YouTube ban: Google to appear before Lahore High Court
KARACHI/LAHORE: Legal representatives of Google Inc. are expected to appear before the Lahore High Court (LHC) on Thursday, May 16, 2013 to explain the company’s position in the ongoing ‘Bytes For All versus Federation of Pakistan’ 958/2013 aka YouTube Case.
The video-sharing website was blocked by the Pakistan Telecommunication Authority (PTA) over ‘Innocence of Muslims,’ a blasphemous movie that angered Muslims around the world. Fearing a violent reaction and the subsequent denial of YouTube to remove the anti-Islam film, the website was blocked on September 18, 2012 on the orders of then prime minister Raja Pervez Ashraf. The site was back on earlier this year but was blocked once again after a few hours.
Meanwhile, a source close to Google said that the court had directed the Ministry of Information Technology to seek a response from the internet giant on the issue. No Google representative had accepted to appear before the court nor were they summoned, the source added.
In an earlier hearing, held on April 26, 2013, LHC’s Justice Syed Mansoor Ali Shah had ordered that Google appear on the next hearing and present its stance.
In the said hearing, the petitioner maintained that the only way forward was to ‘allow Google to incorporate and open a Pakistan office.’ Google had not taken this step because Pakistani laws did not provide for Intermediary Liability Protection (ILP), the court was informed.
To this, Justice Shah suggested that as an interim measure, the court through an order ‘can guarantee ILP, which could then be legislated upon.’
In the same hearing, Federal Ministry of Information Technology (MOIT) member (Legal) Mr Kamran was asked to explain the ministry’s position. The MOIT representative said that the ministry ‘recognises the blocking of YouTube as detrimental to freedom of speech.’
Justice Shah had stated that a way must be found to unblock YouTube as soon as possible, while treading carefully vis-à-vis the sensibilities that led to the block. He also suggested devising a regulatory mechanism so that ‘internet censorship does not become an exercise in arbitrary executive action.’
The LHC, in its order, had stated that Google be informed that the court will guarantee intermediary liability protection for it while legislators get around to legislating.
Consequently Google Singapore was sent a notice in this regard.
In a statement issued on Wednesday, the counsel for petitioner, advocate Yasser Latif Hamdani said that the YouTube ban took away the right of Muslims to respond to scurrilous attacks on Islam and the Holy Prophet (PBUH).
“The petitioner’s point of view is that all internet curbs are counterproductive and deprive Pakistanis the right to access of information as well as the right to counter any propaganda against the country or against what they believe in strongly.”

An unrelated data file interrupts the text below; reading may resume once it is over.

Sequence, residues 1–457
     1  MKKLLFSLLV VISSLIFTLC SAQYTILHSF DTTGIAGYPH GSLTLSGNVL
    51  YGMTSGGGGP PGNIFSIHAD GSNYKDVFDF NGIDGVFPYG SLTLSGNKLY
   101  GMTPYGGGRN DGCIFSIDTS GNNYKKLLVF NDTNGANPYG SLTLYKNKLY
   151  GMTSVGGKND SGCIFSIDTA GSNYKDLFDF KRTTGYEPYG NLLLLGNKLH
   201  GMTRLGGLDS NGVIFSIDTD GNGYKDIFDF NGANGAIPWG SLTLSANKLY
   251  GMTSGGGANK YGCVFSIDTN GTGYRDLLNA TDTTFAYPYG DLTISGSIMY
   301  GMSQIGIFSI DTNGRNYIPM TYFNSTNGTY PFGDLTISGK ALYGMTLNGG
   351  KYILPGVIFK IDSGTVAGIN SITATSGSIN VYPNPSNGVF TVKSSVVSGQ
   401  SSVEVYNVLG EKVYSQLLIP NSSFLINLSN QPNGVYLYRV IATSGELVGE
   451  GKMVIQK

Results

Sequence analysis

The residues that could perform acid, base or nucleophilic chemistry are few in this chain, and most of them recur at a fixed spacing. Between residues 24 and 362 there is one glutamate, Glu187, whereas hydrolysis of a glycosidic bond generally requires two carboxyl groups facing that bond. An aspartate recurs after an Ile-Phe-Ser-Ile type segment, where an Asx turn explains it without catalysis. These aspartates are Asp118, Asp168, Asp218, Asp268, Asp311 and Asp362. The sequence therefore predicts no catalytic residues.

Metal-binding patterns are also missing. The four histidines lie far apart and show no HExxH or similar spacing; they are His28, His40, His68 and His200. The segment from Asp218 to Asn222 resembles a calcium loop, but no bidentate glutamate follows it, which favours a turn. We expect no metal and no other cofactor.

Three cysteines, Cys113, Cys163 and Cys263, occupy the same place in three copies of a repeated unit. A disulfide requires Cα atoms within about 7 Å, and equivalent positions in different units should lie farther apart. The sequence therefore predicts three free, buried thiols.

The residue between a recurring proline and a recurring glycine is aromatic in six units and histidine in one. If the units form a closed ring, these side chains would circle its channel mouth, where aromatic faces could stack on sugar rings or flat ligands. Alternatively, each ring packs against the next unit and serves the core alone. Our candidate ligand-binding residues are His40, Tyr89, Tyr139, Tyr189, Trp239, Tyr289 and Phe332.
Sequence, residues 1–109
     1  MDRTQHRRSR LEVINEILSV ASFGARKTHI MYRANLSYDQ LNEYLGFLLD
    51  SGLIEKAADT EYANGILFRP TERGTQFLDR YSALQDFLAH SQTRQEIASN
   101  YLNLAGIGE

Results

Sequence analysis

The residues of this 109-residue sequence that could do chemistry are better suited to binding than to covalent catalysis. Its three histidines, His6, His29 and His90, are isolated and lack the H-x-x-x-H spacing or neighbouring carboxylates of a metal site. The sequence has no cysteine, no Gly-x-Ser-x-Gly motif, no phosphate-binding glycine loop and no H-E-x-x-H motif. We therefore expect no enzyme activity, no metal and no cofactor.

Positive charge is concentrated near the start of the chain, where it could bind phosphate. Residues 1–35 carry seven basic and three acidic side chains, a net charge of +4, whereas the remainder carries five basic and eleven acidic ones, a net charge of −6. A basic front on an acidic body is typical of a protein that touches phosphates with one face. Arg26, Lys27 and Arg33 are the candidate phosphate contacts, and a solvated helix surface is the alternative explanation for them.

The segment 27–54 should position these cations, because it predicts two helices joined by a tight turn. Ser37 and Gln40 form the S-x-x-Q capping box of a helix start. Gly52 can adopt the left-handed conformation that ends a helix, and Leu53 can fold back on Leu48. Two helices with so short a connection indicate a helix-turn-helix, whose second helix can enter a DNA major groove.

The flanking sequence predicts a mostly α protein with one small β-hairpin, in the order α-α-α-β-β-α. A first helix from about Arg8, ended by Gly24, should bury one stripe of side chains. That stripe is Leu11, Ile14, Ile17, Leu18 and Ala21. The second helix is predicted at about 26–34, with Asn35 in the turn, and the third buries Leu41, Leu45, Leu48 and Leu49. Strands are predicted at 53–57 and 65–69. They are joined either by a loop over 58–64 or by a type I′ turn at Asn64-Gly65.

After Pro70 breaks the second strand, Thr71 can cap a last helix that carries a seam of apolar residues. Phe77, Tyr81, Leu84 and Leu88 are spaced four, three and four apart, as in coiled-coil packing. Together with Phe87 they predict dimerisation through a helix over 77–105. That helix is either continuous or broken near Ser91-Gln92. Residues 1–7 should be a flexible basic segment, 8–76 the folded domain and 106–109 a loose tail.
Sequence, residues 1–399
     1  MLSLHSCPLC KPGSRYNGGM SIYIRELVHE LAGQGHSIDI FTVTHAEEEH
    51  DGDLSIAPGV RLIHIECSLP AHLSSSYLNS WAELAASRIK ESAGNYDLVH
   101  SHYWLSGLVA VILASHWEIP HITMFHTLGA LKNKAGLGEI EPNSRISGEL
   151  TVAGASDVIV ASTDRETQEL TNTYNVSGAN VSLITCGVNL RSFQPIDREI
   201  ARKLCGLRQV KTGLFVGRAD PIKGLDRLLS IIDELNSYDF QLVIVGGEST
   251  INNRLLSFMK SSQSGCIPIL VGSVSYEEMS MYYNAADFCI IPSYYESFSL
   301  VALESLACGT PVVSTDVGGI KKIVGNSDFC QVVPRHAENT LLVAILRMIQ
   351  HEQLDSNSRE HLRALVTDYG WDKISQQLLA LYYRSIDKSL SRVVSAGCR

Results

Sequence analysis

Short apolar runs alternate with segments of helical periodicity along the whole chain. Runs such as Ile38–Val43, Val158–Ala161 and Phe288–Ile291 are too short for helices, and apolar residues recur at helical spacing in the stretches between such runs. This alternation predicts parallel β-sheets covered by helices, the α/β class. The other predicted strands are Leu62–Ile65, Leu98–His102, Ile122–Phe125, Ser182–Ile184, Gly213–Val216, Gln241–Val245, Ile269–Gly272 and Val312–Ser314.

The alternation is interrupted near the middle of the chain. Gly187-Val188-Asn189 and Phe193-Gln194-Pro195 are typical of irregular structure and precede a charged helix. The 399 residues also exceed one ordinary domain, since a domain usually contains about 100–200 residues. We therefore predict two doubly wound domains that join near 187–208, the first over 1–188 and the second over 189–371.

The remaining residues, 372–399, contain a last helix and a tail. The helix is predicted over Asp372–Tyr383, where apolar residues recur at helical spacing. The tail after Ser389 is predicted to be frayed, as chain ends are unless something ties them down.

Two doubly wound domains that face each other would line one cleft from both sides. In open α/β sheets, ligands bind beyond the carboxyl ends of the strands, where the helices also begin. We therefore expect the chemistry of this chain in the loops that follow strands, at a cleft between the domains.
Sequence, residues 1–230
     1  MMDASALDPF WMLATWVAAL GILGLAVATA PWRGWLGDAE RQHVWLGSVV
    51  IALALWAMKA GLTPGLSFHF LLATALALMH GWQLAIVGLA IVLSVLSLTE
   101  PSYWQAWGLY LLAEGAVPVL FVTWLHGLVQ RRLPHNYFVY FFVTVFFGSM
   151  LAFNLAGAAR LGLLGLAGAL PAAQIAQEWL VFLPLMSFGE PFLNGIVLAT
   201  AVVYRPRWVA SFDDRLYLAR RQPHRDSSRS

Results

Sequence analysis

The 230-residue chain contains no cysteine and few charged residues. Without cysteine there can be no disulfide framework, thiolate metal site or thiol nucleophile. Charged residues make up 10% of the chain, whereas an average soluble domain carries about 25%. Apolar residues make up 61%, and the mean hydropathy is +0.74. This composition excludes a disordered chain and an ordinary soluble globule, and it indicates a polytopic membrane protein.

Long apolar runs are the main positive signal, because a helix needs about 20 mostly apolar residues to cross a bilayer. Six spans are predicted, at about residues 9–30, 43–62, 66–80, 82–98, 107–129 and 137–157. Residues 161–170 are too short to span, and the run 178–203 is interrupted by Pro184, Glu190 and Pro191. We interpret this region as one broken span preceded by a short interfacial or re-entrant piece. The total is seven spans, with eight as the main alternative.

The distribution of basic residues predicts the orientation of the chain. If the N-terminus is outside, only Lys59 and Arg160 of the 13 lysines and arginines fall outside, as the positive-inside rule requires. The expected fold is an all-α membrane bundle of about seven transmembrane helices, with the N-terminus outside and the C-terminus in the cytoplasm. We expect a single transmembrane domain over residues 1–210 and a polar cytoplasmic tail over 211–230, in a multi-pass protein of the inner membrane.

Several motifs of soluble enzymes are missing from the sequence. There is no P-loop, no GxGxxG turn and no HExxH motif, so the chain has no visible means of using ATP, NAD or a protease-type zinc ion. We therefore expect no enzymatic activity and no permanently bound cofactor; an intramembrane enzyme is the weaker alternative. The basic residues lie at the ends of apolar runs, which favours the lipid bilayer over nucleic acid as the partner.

The petitioner maintained that efforts were underway to find a middle ground between internet freedom and offensive materials, adding: “Ultimately all curbs would hurt Pakistan more than it will hurt those who are engaging in scurrilous and offensive rhetoric.”
Meanwhile, the LHC has already begun exploring various ways in which Google, the parent organisation of YouTube, can be given Intermediary Liability Protection, so that it may be allowed to come and introduce Youtube.com.pk domain which would allow the reopening of YouTube in the country.
The YouTube Ban has also been challenged in the Peshawar High Court (PHC) by advocate Mian Mohibullah Kakakhel yesterday. He requested the PHC to direct the Pakistan Telecommunication Authority and ministry of interior to open the website (www.YouTube.com) for the benefit of public at large.
A Bloody Mess
The immediate ban in September last year did not do much to calm down the angry masses. Despite the fact that majority of the protesters had not seen the offensive clip and had only ‘heard’ about it, the news spread like wildfire.
The Love Our Prophet Day (Yom-e- Ishq-e-Rasool) protests in Pakistan saw at least 23 people dead in Karachi alone on September 21, 2012 as thousands of protesters went on an insanely destructive rampage. In Peshawar, five people including a policeman were killed.
Eight cinemas in Karachi and Peshawar, many banks and shops and a church in Mardan were vandalised and set on fire during the protests. ANP’s Ghulam Ahmed Bilour, then a cabinet minister, had announced a $100,000 bounty for killing Nakoula Basseley Nakoula, the producer of the said film.
The film sparked protests across the Middle East and was even thought to have caused the attack on the American Consulate in Benghazi, Libya which killed US Ambassador Christopher Stevens.
Pakistan Not The Only ‘Complainer’
It is worth noting that Pakistan is not alone in demanding the removal of ‘Innocence of Muslims’. According to Google’s annual Transparency Report, over 20 countries demanded the removal of the said video clip.
The countries that demanded removal of the offensive clip include Australia, Bangladesh, Brazil, Brunei, Djibouti, Egypt, India, Indonesia, Iran, Jordan, Lebanon, Malaysia, Maldives, Russia, Saudi Arabia, Singapore, Turkey, United Arab Emirates, and the United States.
“Australia, Egypt, and the United States requested that we review the videos to determine if they violated our Community Guidelines, which they did not. The other 17 countries requested that we remove the videos. We restricted videos from view in Indonesia, India, Jordan, Malaysia, Russia, Saudi Arabia, Singapore and Turkey. Due to difficult circumstances, we temporarily restricted videos from view in Egypt and Libya,” Google stated.
Despite requests by the White House to take the film off its sites, Google firmly refused, stating that ‘the film did not violate its rules or regulations.’